# what is the integration of $\int \frac {dx}{dx}$

Today I saw a book in the bookstore that has the following integral on its cover:

$$\int \frac {dx}{dx} = \frac {1}{d} \ln x + c$$

I don't understand the meaning of $\frac {1}{d}$. Also, $\frac {dx}{dx}$ looks odd to me. Can someone please explain these notations to me? I think these notations may be valid, because the author is very famous in my country.

If this is a valid integral, can someone also tell me how to solve integrations that has more than one differentials? By "differential", I mean $dx$, $dy$, $du$, etc. For example:

$$\int \frac {u \cdot dx^2}{du^2} \tag 1$$

P.S. The above integral is actually:

$$\int \frac {\sin(x)}{\cos^2(x)}dx \tag 2$$

If you try to solve (2) by a variable change of $u = \sin(x)$, the outcome would be (1) (I know that (1) can be easily solved by getting $\cos^2(x)$ as $u$). But I want to know that if (2) has also an answer.

• I think, $\int \frac{dx}{dx}$ is $\int \frac{dx}{d\cdot x}$. It's not a notation, it's bad using of $d$ – Michael Galuza Jul 18 '15 at 17:25
• @MichaelGaluza Why not turn that into an answer? – Cameron Williams Jul 18 '15 at 17:27
• What is the book? – Masacroso Jul 18 '15 at 18:04
• It's probably a joke of the author on the cover. – Rogelio Molina Jul 18 '15 at 18:08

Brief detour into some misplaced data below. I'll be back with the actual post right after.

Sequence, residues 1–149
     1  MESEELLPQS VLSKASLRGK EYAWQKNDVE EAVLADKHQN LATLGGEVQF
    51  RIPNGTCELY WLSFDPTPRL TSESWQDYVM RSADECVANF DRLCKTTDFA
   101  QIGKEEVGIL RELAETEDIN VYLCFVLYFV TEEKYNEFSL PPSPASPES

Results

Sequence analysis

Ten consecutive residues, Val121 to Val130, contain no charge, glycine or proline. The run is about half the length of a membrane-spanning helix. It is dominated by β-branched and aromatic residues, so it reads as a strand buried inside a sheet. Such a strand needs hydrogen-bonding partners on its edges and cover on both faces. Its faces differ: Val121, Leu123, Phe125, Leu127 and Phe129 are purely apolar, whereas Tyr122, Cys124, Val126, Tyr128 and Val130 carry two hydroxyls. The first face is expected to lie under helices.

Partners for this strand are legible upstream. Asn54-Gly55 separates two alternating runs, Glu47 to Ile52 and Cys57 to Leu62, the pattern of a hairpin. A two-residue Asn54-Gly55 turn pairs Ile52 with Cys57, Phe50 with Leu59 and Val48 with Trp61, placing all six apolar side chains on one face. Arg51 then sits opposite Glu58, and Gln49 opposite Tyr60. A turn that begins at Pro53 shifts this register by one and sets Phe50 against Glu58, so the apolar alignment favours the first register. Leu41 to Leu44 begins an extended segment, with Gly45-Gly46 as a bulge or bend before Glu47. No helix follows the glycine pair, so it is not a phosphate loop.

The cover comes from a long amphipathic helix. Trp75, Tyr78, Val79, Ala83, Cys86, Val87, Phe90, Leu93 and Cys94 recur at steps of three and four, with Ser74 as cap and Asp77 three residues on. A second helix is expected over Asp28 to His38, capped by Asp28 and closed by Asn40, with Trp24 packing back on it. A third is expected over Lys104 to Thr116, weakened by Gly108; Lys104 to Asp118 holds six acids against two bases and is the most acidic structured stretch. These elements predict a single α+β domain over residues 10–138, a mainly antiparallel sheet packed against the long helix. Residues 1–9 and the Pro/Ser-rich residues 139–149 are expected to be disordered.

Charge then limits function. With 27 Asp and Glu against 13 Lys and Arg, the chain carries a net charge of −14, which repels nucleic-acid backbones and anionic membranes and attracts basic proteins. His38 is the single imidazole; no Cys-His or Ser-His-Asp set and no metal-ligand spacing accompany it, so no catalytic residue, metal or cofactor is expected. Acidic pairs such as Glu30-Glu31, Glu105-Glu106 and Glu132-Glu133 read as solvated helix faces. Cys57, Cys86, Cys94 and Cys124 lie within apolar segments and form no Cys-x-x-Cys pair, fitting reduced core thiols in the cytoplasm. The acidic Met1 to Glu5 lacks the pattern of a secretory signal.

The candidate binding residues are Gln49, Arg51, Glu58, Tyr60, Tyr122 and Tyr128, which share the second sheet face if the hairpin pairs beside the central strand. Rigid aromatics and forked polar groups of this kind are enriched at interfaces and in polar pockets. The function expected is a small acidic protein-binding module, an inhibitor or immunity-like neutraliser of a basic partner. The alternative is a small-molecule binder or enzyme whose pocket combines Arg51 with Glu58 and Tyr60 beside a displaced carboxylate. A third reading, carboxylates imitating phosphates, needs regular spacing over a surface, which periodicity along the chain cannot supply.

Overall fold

• Thanks for all comments. @Masacroso, the book is "methods of integration" by "Ali Bayat Movahhed", however, the book is in Persian. The author's website is available at this link. The cover itself is available in low resolution at this link – ali akbar gholami Jul 18 '15 at 18:11

## 1 Answer

The book cover is a mathematical pun. It's treating the $d$ in the denominator as a constant coefficient of $x$. So just as $$\int \frac{dx}{A \cdot x} = \frac{1}{A} \ln |x| + C$$ you could write $$\int \frac{dx}{d \cdot x} = \frac{1}{d} \ln |x| + C$$ except that there's no reason to do that unless you're being deliberately confusing.

In general, "integrals that have more than one differential" aren't meaningful in the way you want them to be.